MP’s apology fails to pacify residents, Western Advocate By LOUISE EDDY  Dec. 11, 2015 When members of the Hill End community gathered in the Royal Hall on Wednesday morning they wanted only one thing – for Member for Calare John Cobb to ask what he could do to help.

This was the third meeting the community has held to discuss Sallys Flat being short-listed for a national nuclear waste dump, and the first the federal member has been able to attend.

Community spokesperson Robyn Rayner said around 100 people attended the meeting, many of them new faces. Mr Cobb had earlier drawn the community’s anger when he dismissed their concerns about the safety of the proposed facility.


Ms Rayner said Mr Cobb apologised to the meeting for the way the matter had been handled, and for not being in contact with the community prior to Wednesday’s meeting.

“We appreciate the fact that he did turn up, but he treated us with utter contempt,” she said. “At no time did he say ‘What can I do to help you’,” she said…….

Yesterday Mr Cobb said he would help by conveying to the minister the fact that the community don’t want the waste dump.

However, despite assurances Sallys Flat won’t be further shortlisted if the community opposes the nuclear waste dump, Mr Cobb said the matter cannot end here and now.  “They do want to finish this now, but the minister has set that consultation period because those who do want to consult privately with the minister should have that right,” Mr Cobb said. He said it was a good meeting.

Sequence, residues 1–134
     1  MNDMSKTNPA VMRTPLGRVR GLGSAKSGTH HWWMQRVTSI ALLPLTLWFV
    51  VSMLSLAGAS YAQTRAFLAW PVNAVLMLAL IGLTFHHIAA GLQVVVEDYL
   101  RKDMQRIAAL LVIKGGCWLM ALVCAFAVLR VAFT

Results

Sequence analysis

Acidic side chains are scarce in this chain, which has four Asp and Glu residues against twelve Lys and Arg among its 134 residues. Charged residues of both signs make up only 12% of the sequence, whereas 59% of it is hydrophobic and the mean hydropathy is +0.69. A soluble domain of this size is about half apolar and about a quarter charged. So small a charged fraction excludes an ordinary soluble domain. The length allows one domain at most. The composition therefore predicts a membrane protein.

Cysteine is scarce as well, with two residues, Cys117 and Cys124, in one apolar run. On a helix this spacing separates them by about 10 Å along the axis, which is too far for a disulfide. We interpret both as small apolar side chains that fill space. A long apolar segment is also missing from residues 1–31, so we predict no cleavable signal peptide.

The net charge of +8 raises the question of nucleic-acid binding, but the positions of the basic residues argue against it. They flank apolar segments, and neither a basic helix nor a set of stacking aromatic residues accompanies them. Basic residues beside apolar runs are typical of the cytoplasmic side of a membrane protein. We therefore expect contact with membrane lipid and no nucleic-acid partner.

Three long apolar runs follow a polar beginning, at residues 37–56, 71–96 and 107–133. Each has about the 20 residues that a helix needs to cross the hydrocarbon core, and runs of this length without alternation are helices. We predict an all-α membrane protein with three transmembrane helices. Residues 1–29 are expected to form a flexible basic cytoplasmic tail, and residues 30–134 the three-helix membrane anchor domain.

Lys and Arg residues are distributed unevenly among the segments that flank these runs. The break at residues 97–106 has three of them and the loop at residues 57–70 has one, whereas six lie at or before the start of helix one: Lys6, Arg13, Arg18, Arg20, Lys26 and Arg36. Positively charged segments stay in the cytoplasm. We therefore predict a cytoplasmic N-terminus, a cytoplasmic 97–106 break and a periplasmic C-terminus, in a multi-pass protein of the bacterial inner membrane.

“But I think people had made their minds up they didn’t want it,” he said.

“There are some communities in Australia who will think – here’s an opportunity. You are not often offered the chance to get $10 million. But it’s their choice. I don’t live there,” he said. Mr Cobb said he would be visiting the Lucas Heights reactor shortly to take a look.“It’s 14 years since I’ve been there. I’m sure there is no danger but I want to go back and reassure myself,” he said.

Ms Rayner said there were concerns Mr Cobb was not taking the matter seriously enough.

December 12, 2015 Posted by | New South Wales, Opposition to nuclear | Leave a comment


Get every new post delivered to your Inbox.

Join 1,016 other followers